The Buteyko Method takes its name from its Russian creator, Konstantin Pavlovich Buteyko.(1) After graduating from Moscow’s First Medical Institute with honors, he developed a program that measured patient breathing and reconditioned it, as needed.
Correcting a CO2 Shortfall
The basic aim of the Buteyko method is to teach patients how to breath in a different way, and through this new, learned technique, increase their intake of Carbon Monoxide (CO2).(2) Low levels of CO2 allow for the bond within molecules of oxygen and haemoglobin in the blood to be strengthened.
This is not a good thing. A stronger such bond makes it more difficult for the human blood flow to oxygenate the brain and other vital organs, in what’s known as the Bohr effect. At a more serious level, lower levels of oxygen in brain and organ tissues can lead to hypoxia, an oxygen starvation condition. The drug-free Buteyko method is designed to condition patients to safeguard against the shortfall and these potential complications.
A 1994-95 Australian study documented remarkable results for the Buteyko method.(3) A group of asthma patients was divided into those employing the breathing technique and those not. The improvements for the former group were much more substantial, across the board. For example, after three months, Buteyko method patients showed a 90% decrease in the use of bronchodilator device, while non-Buteyko patients experienced a 9% increase.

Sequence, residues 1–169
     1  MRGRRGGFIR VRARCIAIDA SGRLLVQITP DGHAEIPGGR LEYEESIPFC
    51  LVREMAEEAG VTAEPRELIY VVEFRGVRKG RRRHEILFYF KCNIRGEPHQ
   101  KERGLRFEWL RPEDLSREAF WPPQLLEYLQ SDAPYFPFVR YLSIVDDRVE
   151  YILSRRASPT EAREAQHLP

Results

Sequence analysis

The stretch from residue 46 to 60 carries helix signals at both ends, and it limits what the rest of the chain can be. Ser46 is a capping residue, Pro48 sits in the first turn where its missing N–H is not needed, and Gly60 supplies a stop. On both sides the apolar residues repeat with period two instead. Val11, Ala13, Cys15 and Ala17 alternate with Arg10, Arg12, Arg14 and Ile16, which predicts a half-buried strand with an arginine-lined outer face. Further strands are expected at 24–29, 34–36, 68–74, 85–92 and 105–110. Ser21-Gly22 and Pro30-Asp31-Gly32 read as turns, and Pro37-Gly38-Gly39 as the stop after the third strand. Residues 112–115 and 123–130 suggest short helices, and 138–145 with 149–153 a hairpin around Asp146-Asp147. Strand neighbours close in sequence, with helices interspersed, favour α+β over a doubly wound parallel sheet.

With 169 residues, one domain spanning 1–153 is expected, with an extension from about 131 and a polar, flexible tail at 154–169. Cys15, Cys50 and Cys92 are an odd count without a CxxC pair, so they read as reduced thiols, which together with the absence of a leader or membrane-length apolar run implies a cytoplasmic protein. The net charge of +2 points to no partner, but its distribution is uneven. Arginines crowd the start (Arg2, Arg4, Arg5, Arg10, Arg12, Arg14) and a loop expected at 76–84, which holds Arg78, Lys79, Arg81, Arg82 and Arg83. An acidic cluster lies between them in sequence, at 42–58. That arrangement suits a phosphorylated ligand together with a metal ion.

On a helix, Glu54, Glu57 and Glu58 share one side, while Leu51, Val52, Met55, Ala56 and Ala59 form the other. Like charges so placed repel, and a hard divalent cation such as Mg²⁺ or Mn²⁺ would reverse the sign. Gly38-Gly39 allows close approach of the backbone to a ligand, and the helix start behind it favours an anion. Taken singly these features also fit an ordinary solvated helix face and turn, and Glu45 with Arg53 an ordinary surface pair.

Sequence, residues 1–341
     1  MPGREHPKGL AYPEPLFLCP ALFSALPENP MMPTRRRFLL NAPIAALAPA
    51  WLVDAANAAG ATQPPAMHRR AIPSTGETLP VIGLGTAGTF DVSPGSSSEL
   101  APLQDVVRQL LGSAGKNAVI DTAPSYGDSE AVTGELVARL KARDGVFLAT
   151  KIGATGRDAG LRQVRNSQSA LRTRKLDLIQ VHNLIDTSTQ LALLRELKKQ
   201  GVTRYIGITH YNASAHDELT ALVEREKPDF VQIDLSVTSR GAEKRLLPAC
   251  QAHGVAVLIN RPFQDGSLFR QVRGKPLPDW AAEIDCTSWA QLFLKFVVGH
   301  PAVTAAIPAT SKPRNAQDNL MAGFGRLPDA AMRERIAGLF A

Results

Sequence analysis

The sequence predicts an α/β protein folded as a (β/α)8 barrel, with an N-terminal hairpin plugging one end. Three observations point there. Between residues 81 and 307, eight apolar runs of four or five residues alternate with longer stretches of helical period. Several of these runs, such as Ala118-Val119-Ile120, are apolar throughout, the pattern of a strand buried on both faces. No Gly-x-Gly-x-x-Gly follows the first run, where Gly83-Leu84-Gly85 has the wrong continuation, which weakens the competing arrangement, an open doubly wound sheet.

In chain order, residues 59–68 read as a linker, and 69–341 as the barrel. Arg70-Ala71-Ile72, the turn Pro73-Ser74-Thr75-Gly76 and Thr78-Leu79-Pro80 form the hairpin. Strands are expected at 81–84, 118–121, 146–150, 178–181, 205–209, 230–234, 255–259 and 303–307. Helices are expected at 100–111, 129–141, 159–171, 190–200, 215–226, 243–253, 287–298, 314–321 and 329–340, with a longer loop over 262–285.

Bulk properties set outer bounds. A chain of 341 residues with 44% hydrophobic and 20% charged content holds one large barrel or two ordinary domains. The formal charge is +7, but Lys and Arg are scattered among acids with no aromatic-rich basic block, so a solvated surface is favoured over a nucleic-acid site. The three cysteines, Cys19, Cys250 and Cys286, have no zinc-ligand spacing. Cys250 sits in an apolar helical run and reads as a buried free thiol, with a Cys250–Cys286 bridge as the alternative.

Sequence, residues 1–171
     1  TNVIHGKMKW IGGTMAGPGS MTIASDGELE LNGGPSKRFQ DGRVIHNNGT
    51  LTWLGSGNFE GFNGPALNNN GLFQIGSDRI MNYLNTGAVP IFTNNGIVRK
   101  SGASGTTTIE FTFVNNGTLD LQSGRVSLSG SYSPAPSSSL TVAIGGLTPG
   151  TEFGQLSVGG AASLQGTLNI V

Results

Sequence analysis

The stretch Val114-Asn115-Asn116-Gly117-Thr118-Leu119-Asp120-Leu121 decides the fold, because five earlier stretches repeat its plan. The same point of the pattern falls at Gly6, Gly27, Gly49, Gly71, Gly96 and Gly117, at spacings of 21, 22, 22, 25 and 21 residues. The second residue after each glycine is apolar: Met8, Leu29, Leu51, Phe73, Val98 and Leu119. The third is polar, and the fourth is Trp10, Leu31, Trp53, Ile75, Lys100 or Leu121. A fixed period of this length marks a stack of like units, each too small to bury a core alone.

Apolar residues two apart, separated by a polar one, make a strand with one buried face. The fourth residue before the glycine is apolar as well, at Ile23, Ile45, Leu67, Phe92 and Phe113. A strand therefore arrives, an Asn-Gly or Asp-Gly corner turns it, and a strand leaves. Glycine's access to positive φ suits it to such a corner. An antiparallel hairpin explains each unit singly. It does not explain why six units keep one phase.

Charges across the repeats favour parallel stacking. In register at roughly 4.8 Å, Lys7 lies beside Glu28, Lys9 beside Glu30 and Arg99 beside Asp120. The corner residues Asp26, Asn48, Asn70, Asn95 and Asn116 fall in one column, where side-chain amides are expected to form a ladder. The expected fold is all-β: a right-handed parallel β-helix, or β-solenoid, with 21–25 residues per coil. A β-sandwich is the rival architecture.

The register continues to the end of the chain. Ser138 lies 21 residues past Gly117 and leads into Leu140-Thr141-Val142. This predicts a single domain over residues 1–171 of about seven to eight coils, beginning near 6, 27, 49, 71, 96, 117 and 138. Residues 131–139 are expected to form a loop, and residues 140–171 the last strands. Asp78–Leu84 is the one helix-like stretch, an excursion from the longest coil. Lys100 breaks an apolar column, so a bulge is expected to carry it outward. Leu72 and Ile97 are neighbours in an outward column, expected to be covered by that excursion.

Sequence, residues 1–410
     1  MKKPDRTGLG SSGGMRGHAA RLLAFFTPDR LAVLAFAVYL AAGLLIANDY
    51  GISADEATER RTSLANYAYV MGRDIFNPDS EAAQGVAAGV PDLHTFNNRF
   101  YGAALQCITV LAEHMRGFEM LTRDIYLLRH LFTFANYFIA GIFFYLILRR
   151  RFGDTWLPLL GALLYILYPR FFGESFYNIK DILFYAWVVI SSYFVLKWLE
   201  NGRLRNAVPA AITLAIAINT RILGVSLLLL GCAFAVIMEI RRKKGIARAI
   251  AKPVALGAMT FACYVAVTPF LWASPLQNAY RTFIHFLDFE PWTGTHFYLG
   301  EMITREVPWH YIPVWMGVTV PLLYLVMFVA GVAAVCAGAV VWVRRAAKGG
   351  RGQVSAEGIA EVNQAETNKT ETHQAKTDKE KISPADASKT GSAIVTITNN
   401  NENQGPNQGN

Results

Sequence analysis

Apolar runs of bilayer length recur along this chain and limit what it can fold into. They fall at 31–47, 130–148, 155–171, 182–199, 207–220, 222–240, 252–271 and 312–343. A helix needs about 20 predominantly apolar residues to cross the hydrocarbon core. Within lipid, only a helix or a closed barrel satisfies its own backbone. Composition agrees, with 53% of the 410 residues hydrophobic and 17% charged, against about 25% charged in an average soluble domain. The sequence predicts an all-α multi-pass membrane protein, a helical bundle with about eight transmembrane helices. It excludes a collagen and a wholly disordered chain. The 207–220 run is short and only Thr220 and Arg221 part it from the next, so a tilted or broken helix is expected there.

Meanwhile, a 1981 Moscow study confirmed that children as young as the age of three can be taught the Buteyko method. Once again, the charted patient measurements are astounding. Not a single person participating in this study, either as an indoors or outdoors patient, claimed no improvements or a worsening of their condition. Eighty-three percent of the sampled group showed considerable improvement, while the remaining 17% registered some improvement.
Although the Buteyko method is applied mainly to patients suffering from asthma, its benefits can be equally impactful for emphysema patients.(4) U.S. clinicians also recommend that it be done in concert with other forms of treatment, such as prescribed medication and inhalers.
(1) ButeykoVideo.com – Buteyko Method: History, Retrieved June 14, 2011 from http://www.buteykovideo.com/history.aspx
(2) ButeykoVideo.com – Theory, Retrieved June 14, 2011 from http://www.buteykovideo.com/theory
(3) Buteyko.com – Trials and Research, Retrieved June 14, 2011 from http://www.buteyko.com/research/trials/index_trials.html
(4) Boston University School of Medicine – Buteyko Breathing Method, Retrieved June 14, 2011 from http://www.bu.edu/integrativemed/clinical-services/buteyko-breathing-method/